Earlier: Biden to Crack Down on Migrants by Slashing Asylum Claims

The changes apply to all non-citizens. Exceptions include people with visas that allow them to enter the US and cases of medical emergency, the officials said. Asylum claims are also still permitted by those who make appointments through the CBP One app and then arrive at a port of entry. Those cases do not count against the cap.

People will be removed in some cases within hours or days, officials said, though they acknowledged it depends on their home country. The US already conducts repatriation flights to some countries including India, according to US officials. Mexican nationals, as well as those from Cuba, Haiti, Nicaragua and Venezuela, will be returned to Mexico, as was previously the case, the officials said.

Democratic efforts to revive a bipartisan immigration deal killed by Trump failed, leading Biden to act now ahead of the summer when border crossings typically rise, the US officials said.

Political Blowback

Some members of Biden’s own party decried the new policy, saying he should instead provide more help to undocumented immigrants. Ahead of Biden’s announcement, Democrat Pramila Jayapal, the chair of the Congressional Progressive Caucus, called the plans “very disappointing.”

Other Democrats defended Biden’s move, with Representative Annie Kuster, leader of the moderate New Democrat Coalition, saying it would “100%” help the president in swing districts.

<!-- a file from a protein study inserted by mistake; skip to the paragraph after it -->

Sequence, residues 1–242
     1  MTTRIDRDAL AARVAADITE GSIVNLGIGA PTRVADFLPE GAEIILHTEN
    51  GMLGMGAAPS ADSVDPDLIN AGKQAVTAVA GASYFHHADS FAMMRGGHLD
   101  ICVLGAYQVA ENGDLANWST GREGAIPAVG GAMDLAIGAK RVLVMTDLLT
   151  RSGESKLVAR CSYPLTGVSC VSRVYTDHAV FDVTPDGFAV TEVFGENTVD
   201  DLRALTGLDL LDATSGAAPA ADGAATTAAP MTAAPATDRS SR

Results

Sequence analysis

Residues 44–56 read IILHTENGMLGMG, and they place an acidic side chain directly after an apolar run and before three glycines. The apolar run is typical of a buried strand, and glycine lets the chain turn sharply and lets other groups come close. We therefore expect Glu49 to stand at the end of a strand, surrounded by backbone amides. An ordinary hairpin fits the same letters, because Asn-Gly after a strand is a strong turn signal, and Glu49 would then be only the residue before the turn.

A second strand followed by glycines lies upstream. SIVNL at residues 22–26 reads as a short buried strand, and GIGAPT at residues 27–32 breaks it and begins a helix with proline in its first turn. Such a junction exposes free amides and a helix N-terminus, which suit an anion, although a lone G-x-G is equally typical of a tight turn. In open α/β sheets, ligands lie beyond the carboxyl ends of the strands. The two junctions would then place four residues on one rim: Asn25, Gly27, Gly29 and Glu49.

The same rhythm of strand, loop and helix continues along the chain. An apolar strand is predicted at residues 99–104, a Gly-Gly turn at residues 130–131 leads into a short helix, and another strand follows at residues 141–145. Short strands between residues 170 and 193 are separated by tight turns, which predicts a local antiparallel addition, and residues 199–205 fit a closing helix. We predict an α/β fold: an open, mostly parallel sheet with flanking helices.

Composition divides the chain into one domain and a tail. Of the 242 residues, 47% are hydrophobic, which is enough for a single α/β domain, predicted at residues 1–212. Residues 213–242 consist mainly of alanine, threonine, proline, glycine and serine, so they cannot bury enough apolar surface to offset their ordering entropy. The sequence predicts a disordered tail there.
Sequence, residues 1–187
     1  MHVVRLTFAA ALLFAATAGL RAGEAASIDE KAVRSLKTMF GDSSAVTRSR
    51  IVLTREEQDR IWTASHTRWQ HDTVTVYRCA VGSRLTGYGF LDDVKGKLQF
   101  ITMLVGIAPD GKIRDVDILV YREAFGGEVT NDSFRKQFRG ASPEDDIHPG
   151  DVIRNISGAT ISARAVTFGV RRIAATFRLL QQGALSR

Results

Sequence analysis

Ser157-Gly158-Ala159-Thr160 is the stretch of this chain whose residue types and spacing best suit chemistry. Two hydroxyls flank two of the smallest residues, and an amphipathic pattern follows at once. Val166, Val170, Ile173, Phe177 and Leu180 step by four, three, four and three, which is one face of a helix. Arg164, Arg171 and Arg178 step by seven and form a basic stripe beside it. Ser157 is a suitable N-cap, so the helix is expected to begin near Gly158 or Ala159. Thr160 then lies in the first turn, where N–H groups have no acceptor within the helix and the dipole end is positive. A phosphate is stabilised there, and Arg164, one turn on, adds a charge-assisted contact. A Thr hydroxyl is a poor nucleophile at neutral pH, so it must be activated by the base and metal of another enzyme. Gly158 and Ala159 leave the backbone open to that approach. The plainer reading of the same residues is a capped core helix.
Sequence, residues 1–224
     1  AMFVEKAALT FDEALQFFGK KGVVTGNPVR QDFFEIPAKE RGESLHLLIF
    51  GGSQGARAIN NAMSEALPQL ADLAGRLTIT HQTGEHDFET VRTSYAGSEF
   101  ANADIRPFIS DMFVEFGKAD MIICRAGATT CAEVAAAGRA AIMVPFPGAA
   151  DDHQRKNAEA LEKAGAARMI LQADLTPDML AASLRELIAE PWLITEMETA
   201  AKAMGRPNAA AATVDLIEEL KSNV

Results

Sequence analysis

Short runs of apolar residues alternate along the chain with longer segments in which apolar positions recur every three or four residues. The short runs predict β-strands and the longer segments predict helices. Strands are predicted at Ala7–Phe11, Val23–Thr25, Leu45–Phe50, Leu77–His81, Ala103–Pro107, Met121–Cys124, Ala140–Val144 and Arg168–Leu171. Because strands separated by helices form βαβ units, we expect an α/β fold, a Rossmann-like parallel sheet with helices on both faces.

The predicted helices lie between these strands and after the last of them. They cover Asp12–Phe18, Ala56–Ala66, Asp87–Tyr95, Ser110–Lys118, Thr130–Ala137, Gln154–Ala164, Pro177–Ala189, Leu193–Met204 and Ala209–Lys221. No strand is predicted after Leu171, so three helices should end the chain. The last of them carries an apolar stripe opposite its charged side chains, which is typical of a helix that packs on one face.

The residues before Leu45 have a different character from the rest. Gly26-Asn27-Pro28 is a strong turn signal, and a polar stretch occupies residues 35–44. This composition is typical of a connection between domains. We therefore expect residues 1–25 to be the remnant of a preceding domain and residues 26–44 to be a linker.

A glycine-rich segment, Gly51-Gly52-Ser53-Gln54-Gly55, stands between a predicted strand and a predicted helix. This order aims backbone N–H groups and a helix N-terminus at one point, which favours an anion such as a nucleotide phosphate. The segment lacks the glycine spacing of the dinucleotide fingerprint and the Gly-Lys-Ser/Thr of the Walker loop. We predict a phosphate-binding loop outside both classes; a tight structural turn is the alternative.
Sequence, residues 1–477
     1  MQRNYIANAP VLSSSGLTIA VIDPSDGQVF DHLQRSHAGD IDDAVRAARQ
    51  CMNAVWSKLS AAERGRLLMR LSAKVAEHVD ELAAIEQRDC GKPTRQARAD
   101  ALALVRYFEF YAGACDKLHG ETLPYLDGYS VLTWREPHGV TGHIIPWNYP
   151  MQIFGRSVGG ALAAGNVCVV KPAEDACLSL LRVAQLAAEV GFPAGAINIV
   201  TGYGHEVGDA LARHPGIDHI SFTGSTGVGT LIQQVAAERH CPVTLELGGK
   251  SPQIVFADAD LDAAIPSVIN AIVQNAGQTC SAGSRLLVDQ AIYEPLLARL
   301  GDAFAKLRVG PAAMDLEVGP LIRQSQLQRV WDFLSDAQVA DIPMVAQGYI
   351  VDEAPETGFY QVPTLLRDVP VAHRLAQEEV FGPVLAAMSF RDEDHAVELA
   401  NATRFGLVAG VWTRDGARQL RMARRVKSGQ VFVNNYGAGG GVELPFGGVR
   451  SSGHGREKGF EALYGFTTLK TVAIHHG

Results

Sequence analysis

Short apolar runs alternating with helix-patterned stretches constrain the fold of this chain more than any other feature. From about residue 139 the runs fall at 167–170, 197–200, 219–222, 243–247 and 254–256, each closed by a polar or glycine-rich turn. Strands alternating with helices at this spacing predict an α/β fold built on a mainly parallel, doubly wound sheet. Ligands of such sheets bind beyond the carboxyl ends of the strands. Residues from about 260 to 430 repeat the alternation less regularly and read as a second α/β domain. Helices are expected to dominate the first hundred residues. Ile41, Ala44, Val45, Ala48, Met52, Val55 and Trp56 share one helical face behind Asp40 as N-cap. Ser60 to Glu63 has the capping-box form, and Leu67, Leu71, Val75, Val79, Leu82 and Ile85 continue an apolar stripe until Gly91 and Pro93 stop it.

Biden’s actions, though, are unlikely to neutralize the issue for Republicans, who see it as too little, too late.

“It’s just window dressing,” House Speaker Mike Johnson said, adding the order will not reduce chaos at the border.

Policy Challenges

Biden’s changes face a raft of obstacles both in court and on the ground. Immigrant-rights advocates are likely to sue the administration for limiting asylum access, as they did when then-President Trump rolled out a similar policy under a section of the Immigration and Nationality Act called 212(f).

American Civil Liberties Union lawyer Lee Gelernt said the group intends to sue, while Democratic Senator Chris Murphy, who helped negotiate the failed bipartisan deal, told reporters Biden’s moves would likely be struck down.

Senior officials said they’re prepared for litigation and distinguished their policy from Trump’s by noting exceptions for unaccompanied children, victims of severe trafficking and other vulnerable migrants.

Earlier: Biden, Border Crisis Loom Large in Sheinbaum’s Early Hours

The policy’s success will also depend on diplomacy and funding. The US must persuade Mexico to accept more migrants and get countries such as China and Venezuela to accept more deportation flights. US officials are working to expand that coordination, a senior official said Tuesday.

Processing and deportations are contingent on sufficient resources from Congress, which has repeatedly rebuffed Biden’s requests for supplemental border funds.

--With assistance from Ellen M. Gilmer and Steven T. Dennis.

(Updates throughout with Biden remarks)